Benthamism


Also found in: Dictionary, Thesaurus, Legal.
Related to Benthamism: Benthamites

Benthamism

the philosophy of utilitarianism as first expounded by the British philosopher and jurist Jeremy Bentham (1748--1832) in terms of an action being good that has a greater tendency to augment the happiness of the community than to diminish it
References in periodicals archive ?
One approach Unger calls 'retro doctrinalism' the second, 'analogical reasoning' in the common law and the third, 'shrunken Benthamism'.
(12) The subsequent claim that the "chief fruit" of his first visit to France was "a strong and permanent interest in continental liberalism" appears exaggerated in light of the journal's reticence on the subject, yet at least one entry suggests that Mill was a radical in politics well before his conversion to Benthamism a year later.
It was not used because of any conviction of the overall truth of Benthamism in all its applications.
Since he assumes the rightness of his theism without question, he never fully confronts the challenge of the mechanical age, which means that he simplifies both his own position and that of Benthamism.
The younger Mill's profound reaction against Benthamism, which began in the late 1820s and culminated in his 1840 essay on Coleridge, had its Indian analogue in Mill's identification with the "empire of opinion" school of Elphinstone, Munro, and Malcolm.
Paroissien argues that Dickens was more informed in his hostility to Benthamism than is always allowed.
Ritchie's "Benthamism grown tame and sleek." He observes that Sidgwick as essayist and correspondent was more adventurous, but does not follow this up by using Sidgwick's very radical essay, "the Theory of Classical Education" of 1868, demanding an end to the dominance of classics, his address on authority to the Cambridge Reform Club in 1872, or the fascinating exchange of correspondence with Sir Lewis Mallet in 1887, which ended up with Cobden's acolyte accusing the active Liberal Unionist of near communism.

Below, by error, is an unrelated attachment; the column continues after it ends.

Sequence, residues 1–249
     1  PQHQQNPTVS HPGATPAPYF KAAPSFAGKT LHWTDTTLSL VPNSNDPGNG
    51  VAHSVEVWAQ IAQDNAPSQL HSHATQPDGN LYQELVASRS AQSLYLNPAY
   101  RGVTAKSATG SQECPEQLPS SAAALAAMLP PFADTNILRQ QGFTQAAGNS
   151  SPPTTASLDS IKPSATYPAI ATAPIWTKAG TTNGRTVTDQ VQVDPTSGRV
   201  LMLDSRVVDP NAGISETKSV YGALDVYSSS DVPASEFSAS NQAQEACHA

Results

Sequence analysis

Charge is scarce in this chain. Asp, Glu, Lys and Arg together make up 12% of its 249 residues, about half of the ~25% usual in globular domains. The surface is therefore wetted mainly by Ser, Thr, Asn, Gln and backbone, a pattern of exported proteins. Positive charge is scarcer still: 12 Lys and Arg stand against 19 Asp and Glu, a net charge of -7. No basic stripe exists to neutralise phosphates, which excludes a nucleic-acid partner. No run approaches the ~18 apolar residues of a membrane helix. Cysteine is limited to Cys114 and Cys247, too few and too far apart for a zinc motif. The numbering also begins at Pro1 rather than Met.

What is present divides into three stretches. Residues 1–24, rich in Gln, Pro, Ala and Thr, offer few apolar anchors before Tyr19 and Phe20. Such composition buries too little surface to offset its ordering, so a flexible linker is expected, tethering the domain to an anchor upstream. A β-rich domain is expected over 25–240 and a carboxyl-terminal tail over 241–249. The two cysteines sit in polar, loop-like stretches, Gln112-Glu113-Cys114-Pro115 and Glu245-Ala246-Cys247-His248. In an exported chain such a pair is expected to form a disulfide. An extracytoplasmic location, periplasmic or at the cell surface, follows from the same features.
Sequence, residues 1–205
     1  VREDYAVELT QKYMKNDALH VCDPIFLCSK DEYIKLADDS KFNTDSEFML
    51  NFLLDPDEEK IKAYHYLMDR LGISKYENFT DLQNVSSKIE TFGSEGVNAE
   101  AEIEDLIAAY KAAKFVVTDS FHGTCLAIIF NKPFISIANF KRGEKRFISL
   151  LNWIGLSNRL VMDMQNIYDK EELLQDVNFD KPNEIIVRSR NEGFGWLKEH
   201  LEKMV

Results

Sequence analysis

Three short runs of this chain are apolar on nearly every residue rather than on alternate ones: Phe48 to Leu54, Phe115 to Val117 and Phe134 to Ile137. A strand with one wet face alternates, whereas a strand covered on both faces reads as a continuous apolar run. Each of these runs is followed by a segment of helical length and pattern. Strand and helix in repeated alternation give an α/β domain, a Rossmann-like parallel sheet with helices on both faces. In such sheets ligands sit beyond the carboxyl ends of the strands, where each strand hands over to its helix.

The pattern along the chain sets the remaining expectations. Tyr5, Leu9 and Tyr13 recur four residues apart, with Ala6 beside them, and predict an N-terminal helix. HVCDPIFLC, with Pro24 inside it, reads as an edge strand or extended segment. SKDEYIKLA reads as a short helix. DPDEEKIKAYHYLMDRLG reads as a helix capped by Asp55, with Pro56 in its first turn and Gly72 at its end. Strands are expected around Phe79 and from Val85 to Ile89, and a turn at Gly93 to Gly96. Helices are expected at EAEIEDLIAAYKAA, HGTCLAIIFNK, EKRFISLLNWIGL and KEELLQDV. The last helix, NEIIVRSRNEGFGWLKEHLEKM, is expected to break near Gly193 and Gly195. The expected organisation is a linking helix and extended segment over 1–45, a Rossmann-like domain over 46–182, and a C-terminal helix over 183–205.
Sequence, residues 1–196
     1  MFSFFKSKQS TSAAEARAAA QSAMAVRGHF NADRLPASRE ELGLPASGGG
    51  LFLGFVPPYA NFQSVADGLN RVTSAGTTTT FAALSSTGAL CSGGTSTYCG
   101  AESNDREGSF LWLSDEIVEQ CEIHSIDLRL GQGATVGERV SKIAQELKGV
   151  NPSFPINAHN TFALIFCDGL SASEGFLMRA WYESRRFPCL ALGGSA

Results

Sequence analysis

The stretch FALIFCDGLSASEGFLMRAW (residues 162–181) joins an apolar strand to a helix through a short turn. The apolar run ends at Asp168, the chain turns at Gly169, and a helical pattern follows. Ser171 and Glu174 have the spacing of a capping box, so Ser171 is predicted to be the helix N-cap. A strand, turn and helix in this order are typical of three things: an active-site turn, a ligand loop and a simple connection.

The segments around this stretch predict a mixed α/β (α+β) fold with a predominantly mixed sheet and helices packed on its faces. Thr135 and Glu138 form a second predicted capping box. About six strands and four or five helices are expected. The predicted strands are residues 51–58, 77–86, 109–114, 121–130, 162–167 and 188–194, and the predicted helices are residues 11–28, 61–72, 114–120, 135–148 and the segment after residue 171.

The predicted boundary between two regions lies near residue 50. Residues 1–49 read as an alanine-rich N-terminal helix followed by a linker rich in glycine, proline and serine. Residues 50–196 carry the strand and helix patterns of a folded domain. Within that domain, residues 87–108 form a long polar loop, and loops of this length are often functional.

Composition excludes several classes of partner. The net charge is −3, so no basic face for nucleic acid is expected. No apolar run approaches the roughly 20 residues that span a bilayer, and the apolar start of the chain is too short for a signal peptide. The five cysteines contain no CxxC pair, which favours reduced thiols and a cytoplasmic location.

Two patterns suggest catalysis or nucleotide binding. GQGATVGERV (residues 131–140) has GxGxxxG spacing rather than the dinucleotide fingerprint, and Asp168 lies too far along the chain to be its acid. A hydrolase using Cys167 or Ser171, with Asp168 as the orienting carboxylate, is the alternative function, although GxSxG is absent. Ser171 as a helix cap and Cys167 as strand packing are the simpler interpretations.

"Let Benthamism reign, if men have no aspirations; but do not tell them to be romantic, and then solace them with glory; do not attempt by philosophy what once was done by religion." (19) Although a principle of expediency could keep the liberal state going for some time, Newman "shows no confidence that 'broad ethical truths' will stand unassailed without religion, and in any case, although a State may endure for some time without true morality, yet without it, its ultimate corruption is ensured." (20) For Newman, the politically liberal state had its roots in Christianity, and it needed Christianity for any long-term survival.
This at once faintly absurd but also somewhat unsettling circumstance is what made the doctrine of utility so vulnerable to caricature at the hands of popular controversialists like Thomas Babington Macaulay and Thomas Carlyle --and Hazlitt himself in essays like "The New School of Reform" and "The Utilitarian Controversy." Named Utilitarianism by its founder, this new system of morals and legislation became known popularly as Benthamism and from there came to be associated in the popular mind with figures like Dickens' Mr.
(190) There is debate over whether Collins' ascribing of 'Benthamism' to Australia is an adequate description of the ambit of political philosophy during federation and before World War I.
"[T]he abstractions of Bentham, reducing human beings to social atoms," Kirk explained, "are the principal source of modern designs for social alteration by fiat." (41) In 1957, Kirk argued that no real progress in economic thought could be found without first "emancipat[ing] us from the doctrinaire Benthamism that is in the mouths of the zealots both for 'capitalism' and 'socialism.'" (42) The struggle against Benthamism stood as "the Iliad of our woes," Kirk lamented.